The Alameda County Registrar of Voters used an incorrect method to count ballots for Berkeley and other cities using ranked-choice voting, resulting in inaccurate totals for the Nov. 8, 2022, election.
Registrar of Voters Tim Dupuis issued a press release Wednesday stating that his office’s “tally system was not configured properly.”
The problem affected the races for Berkeley City Council in districts 1 and 8 — the city’s only races that use ranked-choice voting and where more than two candidates were running. Ranked-choice voting is not used for rent board or school board.
No election results were affected by the issue in Berkeley, according to the registrar. Rashi Kesarwani still won in District 1 and Mark Humbert won in District 8 after the registrar re-ran the ballots using the proper ranked-choice tally method.
The registrar’s mistake was more serious in Oakland, to the point where it may have caused the registrar to certify the wrong winner in the Oakland Unified School District, District 4 race, according to two of the candidates and the registrar’s office.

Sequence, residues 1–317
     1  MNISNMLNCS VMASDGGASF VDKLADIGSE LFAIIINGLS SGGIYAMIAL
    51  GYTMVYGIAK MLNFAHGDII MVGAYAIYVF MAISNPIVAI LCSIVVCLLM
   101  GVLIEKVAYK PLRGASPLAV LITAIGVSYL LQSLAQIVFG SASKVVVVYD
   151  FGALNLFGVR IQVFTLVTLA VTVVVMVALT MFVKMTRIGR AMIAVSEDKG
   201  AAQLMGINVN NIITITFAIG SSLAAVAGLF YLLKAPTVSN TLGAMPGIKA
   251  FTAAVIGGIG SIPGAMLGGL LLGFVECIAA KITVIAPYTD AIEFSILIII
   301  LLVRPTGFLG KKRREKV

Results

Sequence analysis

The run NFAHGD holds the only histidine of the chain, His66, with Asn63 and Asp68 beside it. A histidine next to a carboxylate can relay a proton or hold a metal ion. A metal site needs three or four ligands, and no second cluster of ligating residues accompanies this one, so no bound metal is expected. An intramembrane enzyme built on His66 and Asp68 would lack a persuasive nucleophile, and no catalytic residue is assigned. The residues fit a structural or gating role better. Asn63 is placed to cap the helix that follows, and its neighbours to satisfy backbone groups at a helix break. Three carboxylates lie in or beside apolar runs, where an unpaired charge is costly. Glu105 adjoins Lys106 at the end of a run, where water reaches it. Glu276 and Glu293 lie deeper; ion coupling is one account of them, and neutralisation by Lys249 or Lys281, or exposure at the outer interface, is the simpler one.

The registrar’s office did not respond to a phone call and email seeking more information about the error. But they included the following information about the miscounted ballots in their press release:
It should have been configured to advance ballots to the next ranking immediately when no candidate was selected for a particular round. This means that if no candidate was selected in the first round on the ballot, then the second-round ranking would count as the first-round ranking, the third-round ranking would count as the second round ranking, and so on. For the November 2022 General Election, the setting on the County’s equipment counted the RCV ballots in the manner in which the ballot was completed, meaning no vote was registered for those ballots in the first round of counting because those voters did not identify a valid candidate in a particular rank on the ballot.
The problem affected every race in Oakland where more than two candidates were running, including all three Oakland Unified board seats, the mayor’s race, and City Council District 6. San Leandro’s ranked-choice elections were also affected.